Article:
Scripture: John 10:11-18
“I am the good shepherd. The good shepherd lays down his life for the sheep. 12The hired hand, who is not the shepherd and does not own the sheep, sees the wolf coming and leaves the sheep and runs away–and the wolf snatches them and scatters them. 13The hired hand runs away because a hired hand does not care for the sheep. 14I am the good shepherd. I know my own and my own know me, 15just as the Father knows me and I know the Father. And I lay down my life for the sheep. 16I have other sheep that do not belong to this fold. I must bring them also, and they will listen to my voice. So there will be one flock, one shepherd. 17For this reason the Father loves me, because I lay down my life in order to take it up again. 18No one takes it from me, but I lay it down of my own accord. I have power to lay it down, and I have power to take it up again. I have received this command from my Father.”
I’ve blogged before about my experience as a practicing Buddhist and how that experience deepens and continues to inform my Christian life, so I’m not going to spend any time in this blog rehashing that. I’m also not going to talk about the preachy, didactic tone of this particular section of Scripture, and how different it is from the short, pithy parables in the earlier gospels. What I am going to talk about is how focusing exclusively on John 10:16 misses the point of what it means to be a Christian.
Verse 16 functions in this context a little like finding Waldo in a sea of red-and-white-striped shirts; once you see Waldo, it’s kind of hard to not see him anymore. We’re conditioned to read verse 16 as a proof text, proving that Jesus is indeed the only way to salvation, or heaven. Once we see it, everything else fades into the background, which is a real shame, because in this case, the “everything else” is just the heart of the Christian message.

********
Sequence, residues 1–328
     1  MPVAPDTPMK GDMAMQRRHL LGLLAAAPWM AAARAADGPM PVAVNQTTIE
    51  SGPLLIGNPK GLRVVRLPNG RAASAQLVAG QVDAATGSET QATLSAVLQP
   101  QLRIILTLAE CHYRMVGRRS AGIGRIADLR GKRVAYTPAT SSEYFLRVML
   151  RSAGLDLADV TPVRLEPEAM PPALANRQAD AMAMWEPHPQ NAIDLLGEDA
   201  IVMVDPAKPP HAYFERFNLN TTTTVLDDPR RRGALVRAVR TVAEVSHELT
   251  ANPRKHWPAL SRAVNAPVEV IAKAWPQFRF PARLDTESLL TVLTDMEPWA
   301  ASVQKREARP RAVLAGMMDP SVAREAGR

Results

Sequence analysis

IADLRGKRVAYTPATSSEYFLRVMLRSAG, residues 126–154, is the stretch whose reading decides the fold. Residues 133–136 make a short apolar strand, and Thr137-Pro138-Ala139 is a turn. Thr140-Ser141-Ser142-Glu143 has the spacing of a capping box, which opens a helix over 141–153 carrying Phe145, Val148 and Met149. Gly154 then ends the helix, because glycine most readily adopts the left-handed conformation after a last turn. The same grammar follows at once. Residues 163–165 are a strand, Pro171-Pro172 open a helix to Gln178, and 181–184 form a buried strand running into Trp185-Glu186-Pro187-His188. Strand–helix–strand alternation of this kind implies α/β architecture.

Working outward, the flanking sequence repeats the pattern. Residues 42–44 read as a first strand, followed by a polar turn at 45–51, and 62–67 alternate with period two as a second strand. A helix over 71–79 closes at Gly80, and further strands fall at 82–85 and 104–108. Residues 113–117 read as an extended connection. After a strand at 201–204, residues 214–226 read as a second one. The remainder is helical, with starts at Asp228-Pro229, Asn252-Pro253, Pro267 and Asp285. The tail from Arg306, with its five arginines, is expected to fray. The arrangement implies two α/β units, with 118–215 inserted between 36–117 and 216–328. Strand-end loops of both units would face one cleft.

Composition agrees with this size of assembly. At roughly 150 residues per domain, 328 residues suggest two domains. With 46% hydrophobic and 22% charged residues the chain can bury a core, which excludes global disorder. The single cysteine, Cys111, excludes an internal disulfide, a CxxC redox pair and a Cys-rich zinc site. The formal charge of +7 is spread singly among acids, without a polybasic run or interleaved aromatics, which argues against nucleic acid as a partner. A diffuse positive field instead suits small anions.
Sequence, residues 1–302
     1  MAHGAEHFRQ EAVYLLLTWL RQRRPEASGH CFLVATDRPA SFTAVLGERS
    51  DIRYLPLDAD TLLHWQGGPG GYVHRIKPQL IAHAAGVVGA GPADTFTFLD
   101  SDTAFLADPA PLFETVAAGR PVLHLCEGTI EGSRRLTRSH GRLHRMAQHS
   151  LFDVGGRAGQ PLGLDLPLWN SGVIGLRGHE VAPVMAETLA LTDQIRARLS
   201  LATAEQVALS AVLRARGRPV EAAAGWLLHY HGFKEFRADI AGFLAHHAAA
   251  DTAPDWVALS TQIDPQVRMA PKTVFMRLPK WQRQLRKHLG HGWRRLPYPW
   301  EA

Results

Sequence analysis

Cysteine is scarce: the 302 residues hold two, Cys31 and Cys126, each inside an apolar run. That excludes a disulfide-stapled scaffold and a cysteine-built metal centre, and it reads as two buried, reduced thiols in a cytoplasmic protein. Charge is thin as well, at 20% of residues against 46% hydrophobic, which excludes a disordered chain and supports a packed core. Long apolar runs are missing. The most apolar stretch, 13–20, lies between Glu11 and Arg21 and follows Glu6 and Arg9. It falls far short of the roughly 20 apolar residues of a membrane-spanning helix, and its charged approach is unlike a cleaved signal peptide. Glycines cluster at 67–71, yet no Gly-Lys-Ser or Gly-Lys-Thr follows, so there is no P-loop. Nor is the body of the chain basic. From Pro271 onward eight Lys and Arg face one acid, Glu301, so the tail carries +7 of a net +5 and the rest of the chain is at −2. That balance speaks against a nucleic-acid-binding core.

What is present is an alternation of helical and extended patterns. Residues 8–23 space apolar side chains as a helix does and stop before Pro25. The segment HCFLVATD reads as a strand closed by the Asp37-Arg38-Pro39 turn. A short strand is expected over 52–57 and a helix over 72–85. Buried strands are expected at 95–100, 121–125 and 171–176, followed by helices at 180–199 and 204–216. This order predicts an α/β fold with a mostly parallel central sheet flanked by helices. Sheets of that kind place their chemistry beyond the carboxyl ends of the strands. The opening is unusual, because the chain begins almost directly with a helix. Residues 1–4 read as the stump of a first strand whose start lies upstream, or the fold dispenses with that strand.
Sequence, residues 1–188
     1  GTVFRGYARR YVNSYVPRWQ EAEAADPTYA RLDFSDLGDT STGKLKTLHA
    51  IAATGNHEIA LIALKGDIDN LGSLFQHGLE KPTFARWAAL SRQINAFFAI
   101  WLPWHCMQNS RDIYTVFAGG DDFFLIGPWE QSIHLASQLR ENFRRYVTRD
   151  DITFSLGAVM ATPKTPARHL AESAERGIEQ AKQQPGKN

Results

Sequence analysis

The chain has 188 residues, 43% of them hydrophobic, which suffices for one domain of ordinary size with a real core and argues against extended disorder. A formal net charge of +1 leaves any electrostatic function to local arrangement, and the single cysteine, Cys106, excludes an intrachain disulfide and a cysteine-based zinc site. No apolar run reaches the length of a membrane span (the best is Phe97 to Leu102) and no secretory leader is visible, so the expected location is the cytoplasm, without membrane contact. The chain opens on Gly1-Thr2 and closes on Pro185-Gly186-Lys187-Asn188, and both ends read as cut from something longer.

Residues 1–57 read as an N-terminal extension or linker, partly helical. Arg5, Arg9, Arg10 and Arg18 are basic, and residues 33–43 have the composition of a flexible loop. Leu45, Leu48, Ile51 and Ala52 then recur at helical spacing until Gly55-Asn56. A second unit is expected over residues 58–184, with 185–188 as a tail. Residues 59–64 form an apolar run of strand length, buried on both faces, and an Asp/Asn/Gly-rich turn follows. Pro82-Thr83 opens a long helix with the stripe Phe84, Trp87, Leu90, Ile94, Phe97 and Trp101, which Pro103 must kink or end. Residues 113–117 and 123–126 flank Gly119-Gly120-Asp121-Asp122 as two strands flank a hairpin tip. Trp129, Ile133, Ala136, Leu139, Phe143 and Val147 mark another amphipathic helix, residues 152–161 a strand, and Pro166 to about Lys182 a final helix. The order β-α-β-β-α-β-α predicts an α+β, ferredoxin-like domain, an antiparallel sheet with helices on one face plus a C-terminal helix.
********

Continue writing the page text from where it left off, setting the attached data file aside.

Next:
17For this reason the Father loves me, because I lay down my life in order to take it up again. 18No one takes it from me, but I lay it down of my own accord. I have power to lay it down, and I have power to take it up again. I have received this command from my Father.”
Our egos respond to verse 16. The ego wants to be stroked and reinforced. It wants to win, and be the best, to wear Jesus like a sports team jersey. But that’s not what Jesus wanted, or did. Jesus wanted to honor and serve God, and he did that by laying down his life, giving it entirely over to God’s purpose, then taking it up again with renewed spirit and intention. Ego responds to verse 16, but Spirit responds to the rest of the section, and Spirit leads us along the Way. Never ego.
The crucifixion, or laying down our lives, and the resurrection, or taking it up again, is the journey that Jesus asks us to undertake. When we replace acting like Jesus, modeling our lives on his, with believing that what happened to Jesus somehow exempts us from having to walk the same Way, we’re in real trouble. It brings to mind another, more pithy saying of Jesus, from Matthew 7:5 which is to take the log out of your own eye before you focus on the speck in another’s.